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GSK responding to inquiries from SFO, DOJ, and SEC regarding its use of third party advisors in China
In a securities filing on Wednesday, Feb. 7, U.K.-based pharmaceutical company GlaxoSmithKline PLC (“GSK”) announced that it is responding to requests for information from the DOJ and SEC regarding third-party advisors that GSK engaged in China. These requests came about after GSK, pursuant to its continuing obligation to report to the SEC on its efforts to improve compliance following its September 2016 settlement of allegations that it violated the FCPA, informed the SEC and DOJ that the SFO had sought additional information in the course of its own investigation, which began in May 2014. GSK was also investigated by Chinese authorities and, in September 2014, GSK’s Chinese subsidiary was reportedly found guilty of bribery resulting in GSK’s payment of a $491.5 million fine.
On December 2, 2015 the Sweett Group admitted to violating Section 7 of the U.K.s Bribery Act of 2010 failure to prevent bribery regarding its conduct in the Middle East. According to the Sweett Group, the underlying conduct was related to alleged bribery from 2009 to 2011 involving a former employee located in Dubai. While the SFO has not yet announced specifics associated with the conduct or any penalties that may be imposed, it previously announced the opening of its investigation into Sweett Groups activities in the United Arab Emirates and elsewhere. This investigation appeared to have been triggered by a 2013 Wall Street Journal article that reported allegations of bribery involving the construction of a hospital in Morocco. According to the WSJ, a bribe was offered to a United Arab Emirates officials personal foundation in order to secure the design work contract for the $100 million project.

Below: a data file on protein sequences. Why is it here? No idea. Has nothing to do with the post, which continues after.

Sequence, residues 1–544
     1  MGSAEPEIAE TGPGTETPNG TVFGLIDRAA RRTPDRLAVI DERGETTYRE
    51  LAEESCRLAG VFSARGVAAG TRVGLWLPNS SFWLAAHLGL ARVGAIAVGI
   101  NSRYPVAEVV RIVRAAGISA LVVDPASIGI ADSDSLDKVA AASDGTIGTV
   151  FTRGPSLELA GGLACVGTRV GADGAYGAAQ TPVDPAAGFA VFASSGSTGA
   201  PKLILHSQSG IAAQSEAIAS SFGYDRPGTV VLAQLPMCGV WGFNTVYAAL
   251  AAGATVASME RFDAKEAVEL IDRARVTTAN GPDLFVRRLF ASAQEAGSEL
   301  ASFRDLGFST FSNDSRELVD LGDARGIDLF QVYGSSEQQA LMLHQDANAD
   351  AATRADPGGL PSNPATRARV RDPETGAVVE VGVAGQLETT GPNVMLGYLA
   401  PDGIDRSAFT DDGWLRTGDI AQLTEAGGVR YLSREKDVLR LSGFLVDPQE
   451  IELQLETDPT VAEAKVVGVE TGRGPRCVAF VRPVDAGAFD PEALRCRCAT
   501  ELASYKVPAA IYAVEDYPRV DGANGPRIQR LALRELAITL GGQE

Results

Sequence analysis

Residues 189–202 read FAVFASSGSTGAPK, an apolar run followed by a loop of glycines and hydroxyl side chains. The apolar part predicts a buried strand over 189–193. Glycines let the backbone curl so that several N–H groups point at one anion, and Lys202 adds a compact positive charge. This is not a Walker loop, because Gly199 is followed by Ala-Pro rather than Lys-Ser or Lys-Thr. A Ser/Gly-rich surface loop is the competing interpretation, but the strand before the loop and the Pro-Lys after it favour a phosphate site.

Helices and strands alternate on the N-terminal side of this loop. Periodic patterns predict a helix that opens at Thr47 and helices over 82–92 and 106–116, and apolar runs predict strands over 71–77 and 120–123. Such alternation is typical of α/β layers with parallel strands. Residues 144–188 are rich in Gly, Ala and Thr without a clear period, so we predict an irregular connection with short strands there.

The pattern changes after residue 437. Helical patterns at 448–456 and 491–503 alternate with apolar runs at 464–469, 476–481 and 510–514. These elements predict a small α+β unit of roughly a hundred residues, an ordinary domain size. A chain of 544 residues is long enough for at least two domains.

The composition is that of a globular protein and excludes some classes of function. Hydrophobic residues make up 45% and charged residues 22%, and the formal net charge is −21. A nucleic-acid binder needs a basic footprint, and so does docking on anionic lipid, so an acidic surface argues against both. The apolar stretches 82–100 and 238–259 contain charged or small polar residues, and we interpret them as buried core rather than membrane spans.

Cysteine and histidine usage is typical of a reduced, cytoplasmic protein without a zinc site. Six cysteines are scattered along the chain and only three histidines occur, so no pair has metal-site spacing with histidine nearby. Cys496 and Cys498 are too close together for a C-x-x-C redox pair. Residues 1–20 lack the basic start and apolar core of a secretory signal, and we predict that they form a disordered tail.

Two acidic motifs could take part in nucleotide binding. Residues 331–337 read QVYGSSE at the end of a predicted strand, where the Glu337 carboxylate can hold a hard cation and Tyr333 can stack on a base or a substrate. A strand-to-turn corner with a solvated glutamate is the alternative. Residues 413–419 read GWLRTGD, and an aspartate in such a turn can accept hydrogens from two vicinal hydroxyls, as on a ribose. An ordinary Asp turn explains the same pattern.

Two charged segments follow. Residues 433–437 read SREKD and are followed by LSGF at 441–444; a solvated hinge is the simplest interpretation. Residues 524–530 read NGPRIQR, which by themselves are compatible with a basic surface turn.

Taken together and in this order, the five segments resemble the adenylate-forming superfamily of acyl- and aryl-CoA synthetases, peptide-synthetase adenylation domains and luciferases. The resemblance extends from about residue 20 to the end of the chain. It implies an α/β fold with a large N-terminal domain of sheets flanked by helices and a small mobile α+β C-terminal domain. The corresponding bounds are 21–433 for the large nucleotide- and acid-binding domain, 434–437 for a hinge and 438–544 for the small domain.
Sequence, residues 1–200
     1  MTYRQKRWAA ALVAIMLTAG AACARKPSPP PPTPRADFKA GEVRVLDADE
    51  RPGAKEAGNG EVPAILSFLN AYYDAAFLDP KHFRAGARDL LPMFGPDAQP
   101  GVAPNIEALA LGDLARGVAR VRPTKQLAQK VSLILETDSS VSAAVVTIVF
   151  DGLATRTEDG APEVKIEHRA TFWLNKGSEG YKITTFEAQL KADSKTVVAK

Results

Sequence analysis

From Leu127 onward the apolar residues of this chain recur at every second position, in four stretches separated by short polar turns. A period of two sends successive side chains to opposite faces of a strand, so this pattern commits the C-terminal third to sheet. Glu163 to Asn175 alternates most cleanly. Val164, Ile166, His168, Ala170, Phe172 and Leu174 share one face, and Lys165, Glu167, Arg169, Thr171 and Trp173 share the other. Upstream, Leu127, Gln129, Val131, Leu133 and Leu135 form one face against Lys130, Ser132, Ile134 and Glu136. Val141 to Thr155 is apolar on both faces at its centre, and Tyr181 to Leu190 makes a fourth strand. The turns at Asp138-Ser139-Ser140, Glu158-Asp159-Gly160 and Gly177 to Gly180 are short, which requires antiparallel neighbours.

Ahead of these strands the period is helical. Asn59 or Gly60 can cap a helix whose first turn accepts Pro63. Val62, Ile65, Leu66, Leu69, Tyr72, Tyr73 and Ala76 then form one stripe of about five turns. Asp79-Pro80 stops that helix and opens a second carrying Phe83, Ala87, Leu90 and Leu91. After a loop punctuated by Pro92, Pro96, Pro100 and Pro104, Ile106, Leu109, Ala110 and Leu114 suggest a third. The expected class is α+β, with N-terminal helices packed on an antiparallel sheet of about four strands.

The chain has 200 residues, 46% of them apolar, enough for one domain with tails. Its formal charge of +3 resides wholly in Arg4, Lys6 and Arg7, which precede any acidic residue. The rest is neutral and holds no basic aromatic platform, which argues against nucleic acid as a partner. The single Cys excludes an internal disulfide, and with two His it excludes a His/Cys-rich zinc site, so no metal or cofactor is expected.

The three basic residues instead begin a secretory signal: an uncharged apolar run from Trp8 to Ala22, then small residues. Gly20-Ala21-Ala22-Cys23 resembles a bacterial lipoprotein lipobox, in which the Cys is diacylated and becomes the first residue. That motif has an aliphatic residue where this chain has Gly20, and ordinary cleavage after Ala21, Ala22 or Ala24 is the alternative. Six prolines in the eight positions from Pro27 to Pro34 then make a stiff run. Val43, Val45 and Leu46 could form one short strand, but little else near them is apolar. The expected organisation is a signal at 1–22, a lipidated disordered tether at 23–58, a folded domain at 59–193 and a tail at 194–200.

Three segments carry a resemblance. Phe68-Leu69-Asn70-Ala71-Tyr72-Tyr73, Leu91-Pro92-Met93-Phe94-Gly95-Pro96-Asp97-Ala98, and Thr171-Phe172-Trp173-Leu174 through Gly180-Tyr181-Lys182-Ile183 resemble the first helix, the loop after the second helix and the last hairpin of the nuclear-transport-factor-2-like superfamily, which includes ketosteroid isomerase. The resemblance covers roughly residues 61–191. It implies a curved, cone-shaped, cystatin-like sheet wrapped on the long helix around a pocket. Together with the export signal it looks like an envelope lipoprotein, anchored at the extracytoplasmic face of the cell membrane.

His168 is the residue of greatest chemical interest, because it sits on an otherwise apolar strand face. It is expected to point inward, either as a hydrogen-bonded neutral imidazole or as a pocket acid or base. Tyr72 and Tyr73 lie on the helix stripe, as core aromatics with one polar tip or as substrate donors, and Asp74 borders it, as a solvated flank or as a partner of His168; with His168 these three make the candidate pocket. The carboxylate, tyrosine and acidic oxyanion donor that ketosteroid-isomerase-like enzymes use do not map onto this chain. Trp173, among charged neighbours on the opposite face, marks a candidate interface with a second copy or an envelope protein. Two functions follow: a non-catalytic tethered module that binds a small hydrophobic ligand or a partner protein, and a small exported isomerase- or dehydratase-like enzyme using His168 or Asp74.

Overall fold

On November 30, 2015 the United Kingdom’s Serious Fraud Office (SFO), working with the DOJ and SEC, entered into a deferred prosecution agreement (DPA) with Standard Bank under the U.K.’s Bribery Act of 2010 regarding payments by two former employees that were allegedly made to bribe members of the Tanzanian government. The DPA represents the SFO’s first-ever DPA and the first use of Section 7 of the Bribery Act, failure of commercial organizations to prevent bribery, by any U.K. prosecutor. As part of this DPA, Standard Bank has agreed to pay a combined $32.2 million in sanctions to the U.K. and Tanzania, and to cover the SFO’s litigation and investigation costs. The DPA also requires Standard Bank’s continued cooperation with authorities and the implementation of certain recommendations from its independent compliance consultants.
In addition to the DPA, Standard Bank agreed to pay $4.2 million to the SEC to settle charges related to the failure to disclose the underlying bribe payments in the bank’s offering documents and statements to potential investors. In light of Standard Bank’s cooperation with the SFO and the DPA, the DOJ reportedly closed its own investigation without bringing independent charges.
Notably, in one of the first examples of the SEC implementing its plan to make more defendants admit to the allegations against them as part of resolutions, Standard Bank agreed to the facts underlying the SEC charges.
On August 4, 2014, the United Kingdoms Serious Fraud Office announced that four former executives of Innospec Inc. (formerly known as Associated Octel Corp.) were sentenced following a long-running investigation related to conduct in in Indonesia and Iraq. Three of the four were sentenced to prison terms, with a former chief executive receiving four years in prison after being convicted at a jury trial earlier this year. A former regional sales director received an 18 month sentence following a conviction at trial, and another former CEO was sentenced to two years following a guilty plea. The fourth individual, a former business unit director, received a suspended 16-month sentence following a guilty plea. The sentencing of these former executives comes after Innospec pled guilty in 2010 to FCPA and anti-bribery criminal charges brought by DOJ and the UKs Serious Fraud Office, and after Innospec settled civil charges brought by the SEC. The charges alleged that Innospec, a global specialty chemicals company, had bribed Indonesian and Iraqi government officials to win sales of a gasoline additive after environmental legislation in the US and abroad led to a decline in sales of that additive. As part of the settlement, Innospec paid U.S. authorities $27.5 million, and paid UK authorities $12.7 million. Two of the four individuals sentenced in the UK had also previously settled with the SEC over civil FCPA charges.
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